Unveiling of the Octavius V. Catto Statue at Philadelphia’s City Hall

Until about 15 years ago, only the most dedicated scholars of local African American history might have recognized the name Octavius V. Catto.

Born a freeman in 1839 to an accomplished and politically active family in South Carolina, Catto was raised in Philadelphia, where he received a stellar education and graduated from the Institute for Colored Youth as valedictorian of the institution. The school would later become Cheyney University. After distinguished military service, he went on to become a lauded educator and passionate activist. A gifted athlete, he was even instrumental in establishing Philadelphia as a hub of Negro Baseball Leagues activity. In the years following the Civil War, Catto fought tirelessly to achieve social justice and enfranchisement for Philadelphia’s Black residents.

Catto’s accomplishments could fill volumes, but he was particularly known for launching protests that successfully desegregated Philadelphia’s streetcars, as well as a massive local movement to get Black voters to the polls during elections. Sadly, it was these efforts that led to his murder at the hands of a white mob on Election Day in 1871, the first election day in which Philadelphia’s Black community participated. Catto was just 32 years old.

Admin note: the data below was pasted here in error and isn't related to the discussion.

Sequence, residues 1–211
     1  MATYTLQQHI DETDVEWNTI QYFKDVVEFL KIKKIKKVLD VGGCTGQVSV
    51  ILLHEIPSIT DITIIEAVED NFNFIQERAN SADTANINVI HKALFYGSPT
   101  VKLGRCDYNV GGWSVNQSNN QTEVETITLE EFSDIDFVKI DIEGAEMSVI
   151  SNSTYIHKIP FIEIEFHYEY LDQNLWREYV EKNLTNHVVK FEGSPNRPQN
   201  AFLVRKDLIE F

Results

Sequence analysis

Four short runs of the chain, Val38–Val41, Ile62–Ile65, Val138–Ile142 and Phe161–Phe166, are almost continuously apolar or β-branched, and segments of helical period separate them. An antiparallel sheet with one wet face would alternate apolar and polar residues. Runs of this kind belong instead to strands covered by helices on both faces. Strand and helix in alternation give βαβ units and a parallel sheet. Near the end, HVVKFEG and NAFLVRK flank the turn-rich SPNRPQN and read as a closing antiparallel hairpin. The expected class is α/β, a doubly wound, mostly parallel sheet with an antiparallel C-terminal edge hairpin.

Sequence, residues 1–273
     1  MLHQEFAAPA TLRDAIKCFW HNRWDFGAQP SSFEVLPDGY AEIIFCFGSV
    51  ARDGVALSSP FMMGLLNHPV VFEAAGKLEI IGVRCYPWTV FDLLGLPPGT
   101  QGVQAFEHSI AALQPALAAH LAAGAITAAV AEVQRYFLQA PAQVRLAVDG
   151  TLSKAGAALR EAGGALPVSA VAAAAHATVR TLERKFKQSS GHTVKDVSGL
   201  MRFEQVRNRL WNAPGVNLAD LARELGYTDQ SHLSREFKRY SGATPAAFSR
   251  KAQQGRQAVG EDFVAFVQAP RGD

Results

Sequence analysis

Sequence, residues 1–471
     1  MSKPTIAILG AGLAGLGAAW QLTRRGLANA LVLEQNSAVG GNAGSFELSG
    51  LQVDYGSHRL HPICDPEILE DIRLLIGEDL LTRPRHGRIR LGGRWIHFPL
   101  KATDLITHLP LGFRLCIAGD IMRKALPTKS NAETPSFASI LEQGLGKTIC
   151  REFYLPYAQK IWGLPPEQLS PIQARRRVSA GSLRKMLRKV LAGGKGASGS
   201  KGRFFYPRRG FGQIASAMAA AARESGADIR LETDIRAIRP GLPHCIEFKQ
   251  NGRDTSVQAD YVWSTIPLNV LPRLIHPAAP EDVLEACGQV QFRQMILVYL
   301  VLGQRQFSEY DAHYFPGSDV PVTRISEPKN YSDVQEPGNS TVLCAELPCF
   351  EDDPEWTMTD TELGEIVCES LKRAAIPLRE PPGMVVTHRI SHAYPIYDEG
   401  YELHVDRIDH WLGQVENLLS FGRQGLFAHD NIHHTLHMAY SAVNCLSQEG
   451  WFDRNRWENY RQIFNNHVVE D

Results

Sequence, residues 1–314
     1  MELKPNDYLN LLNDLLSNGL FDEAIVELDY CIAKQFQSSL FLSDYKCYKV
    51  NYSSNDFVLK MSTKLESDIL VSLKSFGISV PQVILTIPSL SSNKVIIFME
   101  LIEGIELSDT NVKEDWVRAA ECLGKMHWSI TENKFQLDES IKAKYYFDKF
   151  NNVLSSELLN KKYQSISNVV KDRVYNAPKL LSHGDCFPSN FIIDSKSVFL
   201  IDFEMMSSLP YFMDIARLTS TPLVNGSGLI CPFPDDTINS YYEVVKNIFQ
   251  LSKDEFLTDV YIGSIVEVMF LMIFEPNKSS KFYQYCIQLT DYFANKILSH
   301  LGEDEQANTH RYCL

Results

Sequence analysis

Philadelphia Mayor Jim Kenney learned about Catto in 2003, while he was still a City Councilman. Amazed that Catto was not a household name, he began a concerted effort to have a memorial erected in the hero’s honor. Co-chaired by Carol Lawrence and Jim Straw, the Octavius V. Catto Memorial Fund (established in 2004) oversaw a nine-year awareness and fundraising campaign that garnered major support and generous donations from organizations such as The Boulé and The Links, Inc., as well as corporations such as PECO and Independence Blue Cross.

In 2013, the renowned sculptor Branly Cadet, creator of the striking Adam Clayton Powell, Jr. sculpture in Harlem, was selected by jury to be the artist for the project. A year later in 2014, the Fund commissioned “A Quest for Parity: The Octavius V. Catto Memorial.”

Cadet employed his incredible vision and skill to create a 12-foot bronze statue of Catto facing a ballot box on a large table, and positioned in front of five granite pillars in the likeness of upturned streetcars. The memorial was formally unveiled on September 26.

This amazing project will be a constant reminder to the citizens of Philadelphia about the critical importance of exercising the right to vote. 

Lamarr Nanton